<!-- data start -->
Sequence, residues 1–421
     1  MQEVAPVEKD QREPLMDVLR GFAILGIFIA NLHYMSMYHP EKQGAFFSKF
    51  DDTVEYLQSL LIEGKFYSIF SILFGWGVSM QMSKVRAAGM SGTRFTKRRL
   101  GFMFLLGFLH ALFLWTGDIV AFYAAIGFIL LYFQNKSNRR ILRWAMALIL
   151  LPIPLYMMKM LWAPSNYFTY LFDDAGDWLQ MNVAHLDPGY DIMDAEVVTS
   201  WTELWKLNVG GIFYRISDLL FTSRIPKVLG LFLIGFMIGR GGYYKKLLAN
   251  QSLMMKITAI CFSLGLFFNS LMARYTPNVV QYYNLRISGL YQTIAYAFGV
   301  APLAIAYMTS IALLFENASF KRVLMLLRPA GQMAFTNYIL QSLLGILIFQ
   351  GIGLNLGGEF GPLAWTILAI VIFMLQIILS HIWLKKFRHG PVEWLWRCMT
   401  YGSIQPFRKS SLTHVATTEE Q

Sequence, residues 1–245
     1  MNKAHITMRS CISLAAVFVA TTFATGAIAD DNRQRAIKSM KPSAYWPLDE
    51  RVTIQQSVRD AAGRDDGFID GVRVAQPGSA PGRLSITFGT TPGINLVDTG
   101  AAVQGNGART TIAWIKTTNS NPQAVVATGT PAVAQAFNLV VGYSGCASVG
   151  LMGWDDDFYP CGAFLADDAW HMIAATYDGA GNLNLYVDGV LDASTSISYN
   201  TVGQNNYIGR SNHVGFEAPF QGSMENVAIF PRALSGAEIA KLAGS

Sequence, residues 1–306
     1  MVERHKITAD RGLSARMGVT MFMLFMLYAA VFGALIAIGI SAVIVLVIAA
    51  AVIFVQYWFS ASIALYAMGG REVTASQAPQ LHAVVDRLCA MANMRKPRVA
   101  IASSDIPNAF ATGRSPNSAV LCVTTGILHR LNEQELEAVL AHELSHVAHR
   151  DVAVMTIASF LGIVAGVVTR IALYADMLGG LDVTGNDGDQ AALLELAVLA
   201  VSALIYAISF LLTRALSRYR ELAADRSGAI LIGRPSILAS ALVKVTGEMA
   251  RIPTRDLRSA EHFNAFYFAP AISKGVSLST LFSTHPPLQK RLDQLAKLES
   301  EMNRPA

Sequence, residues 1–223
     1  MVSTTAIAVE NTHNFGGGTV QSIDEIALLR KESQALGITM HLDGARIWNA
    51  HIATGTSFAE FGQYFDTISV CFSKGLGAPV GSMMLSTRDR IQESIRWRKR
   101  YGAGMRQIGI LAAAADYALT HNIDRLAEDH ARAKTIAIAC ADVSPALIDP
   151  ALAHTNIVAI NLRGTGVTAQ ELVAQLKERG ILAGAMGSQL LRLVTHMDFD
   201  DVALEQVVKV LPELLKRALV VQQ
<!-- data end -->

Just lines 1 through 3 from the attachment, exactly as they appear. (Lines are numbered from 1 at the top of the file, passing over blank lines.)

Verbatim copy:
Sequence, residues 1–421
     1  MQEVAPVEKD QREPLMDVLR GFAILGIFIA NLHYMSMYHP EKQGAFFSKF
    51  DDTVEYLQSL LIEGKFYSIF SILFGWGVSM QMSKVRAAGM SGTRFTKRRL